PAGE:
Helena, Montana, Nov. 4 – Incumbent Republican Senator Steve Daines has won a hotly contested race to continue to represent Montana in the U.S. Senate, beating Democratic challenger Gov. Steve Bullock.

Sen. Daines completed the 2020 Disability Voter Questionnaire for presidential, Senate and gubernatorial candidates put out by the national disability inclusion organization RespectAbility. RespectAbility is a nonpartisan, nonprofit organization dedicated to ending stigmas and advancing opportunities so people with disabilities can fully participate in all aspects of their communities. Gov. Bullock, in his attempt to unseat Sen. Daines, also completed the RespectAbility questionnaire. 

Cooper, Supporter of People with Disabilities, Wins Second Term as North Carolina Governor

Raleigh, North Carolina, Nov. 3 – Democratic incumbent Roy Cooper has won a hotly contested race for the North Carolina Governorship, beating Republican challenger Dan Forest.  

Gov. Cooper completed the 2020 Disability Voter Questionnaire for presidential, Senate and gubernatorial candidates put out by the national disability inclusion organization RespectAbility. RespectAbility is a nonpartisan, nonprofit organization dedicated to ending stigmas and advancing opportunities so people with disabilities can fully participate in all aspects of their communities. Forest, despite multiple requests, did not respond to the questionnaire.

Hickenlooper, Supporter of People with Disabilities, Wins Colorado Senate Race

Denver, Colorado, Nov. 3 – Former Colorado Gov. John Hickenlooper has won a hotly contested race for the Colorado Senate seat, beating Republican incumbent Sen. Cory Gardner.  

Senator-Elect Hickenlooper completed the 2020 Disability Voter Questionnaire for presidential, Senate and gubernatorial candidates put out by the national disability inclusion organization RespectAbility. RespectAbility is a nonpartisan, nonprofit organization dedicated to ending stigmas and advancing opportunities so people with disabilities can fully participate in all aspects of their communities. Sen. Gardner, despite multiple requests, did not respond to the questionnaire.

Holcomb, Supporter of People with Disabilities, Wins Second Term as Indiana’s Governor

Indianapolis, Indiana, Nov. 3 – Incumbent Republican Governor Eric Holcomb has won a second term as Indiana’s governor, beating Democratic challenger Dr. Woodrow Myers.

Gov. Holcomb completed the 2020 Disability Voter Questionnaire for presidential, Senate and gubernatorial candidates put out by the national disability inclusion organization RespectAbility. RespectAbility is a nonpartisan, nonprofit organization dedicated to ending stigmas and advancing opportunities so people with disabilities can fully participate in all aspects of their communities. Gov. Holcomb’s opponent, Dr. Woodrow Myers, also completed the RespectAbility questionnaire.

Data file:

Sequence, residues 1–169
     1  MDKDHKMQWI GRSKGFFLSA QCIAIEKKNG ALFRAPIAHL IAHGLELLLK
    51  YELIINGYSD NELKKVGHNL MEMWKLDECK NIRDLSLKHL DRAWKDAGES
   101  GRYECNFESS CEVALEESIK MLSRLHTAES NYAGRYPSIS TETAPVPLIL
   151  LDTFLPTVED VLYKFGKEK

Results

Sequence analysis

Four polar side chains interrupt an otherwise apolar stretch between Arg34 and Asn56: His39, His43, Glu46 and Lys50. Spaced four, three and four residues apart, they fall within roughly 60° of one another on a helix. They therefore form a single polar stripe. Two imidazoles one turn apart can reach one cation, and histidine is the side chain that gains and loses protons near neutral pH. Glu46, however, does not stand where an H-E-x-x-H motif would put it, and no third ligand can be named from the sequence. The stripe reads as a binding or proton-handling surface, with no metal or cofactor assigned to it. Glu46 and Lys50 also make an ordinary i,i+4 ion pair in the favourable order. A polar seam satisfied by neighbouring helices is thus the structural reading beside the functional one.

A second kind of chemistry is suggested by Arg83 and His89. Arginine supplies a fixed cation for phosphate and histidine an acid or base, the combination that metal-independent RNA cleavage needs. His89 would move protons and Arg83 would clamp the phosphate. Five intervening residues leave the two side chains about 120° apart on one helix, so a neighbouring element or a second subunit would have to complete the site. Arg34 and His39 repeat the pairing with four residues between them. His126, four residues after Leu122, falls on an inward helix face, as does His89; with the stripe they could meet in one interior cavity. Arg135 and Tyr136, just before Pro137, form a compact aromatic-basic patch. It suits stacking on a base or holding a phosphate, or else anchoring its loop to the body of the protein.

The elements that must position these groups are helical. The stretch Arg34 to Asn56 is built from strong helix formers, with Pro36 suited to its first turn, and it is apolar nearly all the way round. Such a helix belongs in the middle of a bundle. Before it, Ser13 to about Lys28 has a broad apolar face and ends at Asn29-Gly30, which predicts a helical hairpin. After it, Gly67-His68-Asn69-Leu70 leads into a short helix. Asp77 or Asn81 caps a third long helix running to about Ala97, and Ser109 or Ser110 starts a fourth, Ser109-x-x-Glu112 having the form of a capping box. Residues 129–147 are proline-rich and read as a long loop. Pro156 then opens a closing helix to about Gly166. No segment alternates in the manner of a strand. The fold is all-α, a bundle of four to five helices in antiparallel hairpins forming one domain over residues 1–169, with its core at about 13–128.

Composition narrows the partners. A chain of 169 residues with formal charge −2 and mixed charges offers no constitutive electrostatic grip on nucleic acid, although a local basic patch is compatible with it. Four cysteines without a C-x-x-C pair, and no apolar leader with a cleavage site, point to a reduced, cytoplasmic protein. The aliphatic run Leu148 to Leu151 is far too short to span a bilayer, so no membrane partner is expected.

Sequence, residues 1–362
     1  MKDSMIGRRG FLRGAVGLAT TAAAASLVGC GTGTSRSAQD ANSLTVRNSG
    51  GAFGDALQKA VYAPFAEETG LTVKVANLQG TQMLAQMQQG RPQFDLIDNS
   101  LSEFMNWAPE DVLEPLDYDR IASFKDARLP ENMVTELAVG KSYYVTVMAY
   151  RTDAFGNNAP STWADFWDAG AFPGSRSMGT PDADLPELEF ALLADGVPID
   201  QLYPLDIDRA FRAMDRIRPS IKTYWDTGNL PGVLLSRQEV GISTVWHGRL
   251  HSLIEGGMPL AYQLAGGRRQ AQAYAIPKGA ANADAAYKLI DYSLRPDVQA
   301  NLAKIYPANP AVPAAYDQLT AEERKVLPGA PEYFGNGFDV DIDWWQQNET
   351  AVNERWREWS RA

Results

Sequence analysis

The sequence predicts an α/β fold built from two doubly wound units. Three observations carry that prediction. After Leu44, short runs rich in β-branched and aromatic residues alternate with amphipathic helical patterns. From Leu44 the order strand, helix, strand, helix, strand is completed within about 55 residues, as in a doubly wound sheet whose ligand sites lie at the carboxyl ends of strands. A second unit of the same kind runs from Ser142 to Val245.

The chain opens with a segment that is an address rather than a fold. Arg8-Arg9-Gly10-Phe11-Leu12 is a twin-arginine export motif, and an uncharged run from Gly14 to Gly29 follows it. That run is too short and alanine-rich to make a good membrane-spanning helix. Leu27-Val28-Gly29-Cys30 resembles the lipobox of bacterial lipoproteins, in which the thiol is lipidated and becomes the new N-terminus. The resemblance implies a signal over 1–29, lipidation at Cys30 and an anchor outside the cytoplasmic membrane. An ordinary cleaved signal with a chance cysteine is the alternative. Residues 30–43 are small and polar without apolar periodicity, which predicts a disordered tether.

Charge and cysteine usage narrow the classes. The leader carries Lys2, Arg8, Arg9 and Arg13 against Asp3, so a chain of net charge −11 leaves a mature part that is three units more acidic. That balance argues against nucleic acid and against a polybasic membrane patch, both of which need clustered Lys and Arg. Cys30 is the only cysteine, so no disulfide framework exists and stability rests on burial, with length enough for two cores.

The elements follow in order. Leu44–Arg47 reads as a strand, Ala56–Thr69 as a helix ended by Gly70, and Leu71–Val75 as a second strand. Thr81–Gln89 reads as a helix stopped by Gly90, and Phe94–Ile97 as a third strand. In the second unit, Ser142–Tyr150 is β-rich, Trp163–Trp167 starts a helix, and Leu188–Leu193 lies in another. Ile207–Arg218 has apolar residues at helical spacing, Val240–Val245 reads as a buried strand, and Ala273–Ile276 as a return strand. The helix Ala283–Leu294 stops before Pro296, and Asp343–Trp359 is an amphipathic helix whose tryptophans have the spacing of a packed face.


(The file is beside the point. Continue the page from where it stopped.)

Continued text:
Carney, Supporter of People with Disabilities, Wins Reelection as Delaware’s Governor

Dover, Delaware, Nov. 3 – Incumbent Democratic Gov. John Carney has won a second term as Delaware’s Governor, beating Republican challenger Julianne Murray.  

Gov. Carney completed the 2020 Disability Voter Questionnaire for Presidential, Senate and Gubernatorial candidates put out by the national disability inclusion organization RespectAbility. RespectAbility is a nonpartisan, nonprofit organization dedicated to ending stigmas and advancing opportunities so people with disabilities can fully participate in all aspects of their communities. Julianne Murray, despite multiple requests, did not respond to the questionnaire.

Easterseals Survey: 30+ Million Voters with Disabilities Participating in the 2020 Election

91% of Eligible Voters with disabilities have already voted or say they will

Rockville, Maryland, Oct. 30 – A new survey from Easterseals and Pathfinder Opinion Research conducted between October 20 and October 25 has found that, despite fear of exposure to COVID-19, voters with disabilities are highly engaged in the 2020 election. Eighty-nine percent of respondents to the survey were registered to vote. Of that, 47 percent already have voted, and 49 percent more say they definitely or probably will vote. More than half of respondents were “extremely enthusiastic” about voting, and 65 percent were more enthusiastic about voting in this election than prior elections.

According to an Easterseals’ press release on the survey, “Health care and COVID-19 are, by far, the two top issues driving voters with disabilities to the polls. All other issues, such as crime, public safety, immigration, employment, the environment and the Supreme Court, rank far lower in importance.”

Fourteen of the Nation’s Largest Disability Organizations Join Together to Encourage Disability Community to Vote on November 3rd

New York, NY, Oct. 26 – Fourteen of the nation’s largest disability organizations have joined together to urge all Americans who care about issues related to disability to vote on November 3rd. These organizations today released the following collective statement:

“COVID-19 is a unique burden for people with disabilities. Lives have been lost. Isolation exacerbated. Unemployment skyrocketing. The policy issues on the ballot this November impacts every aspect of life for the disability community. We must vote in record numbers to have our voices heard and needs met in the ongoing public health emergency.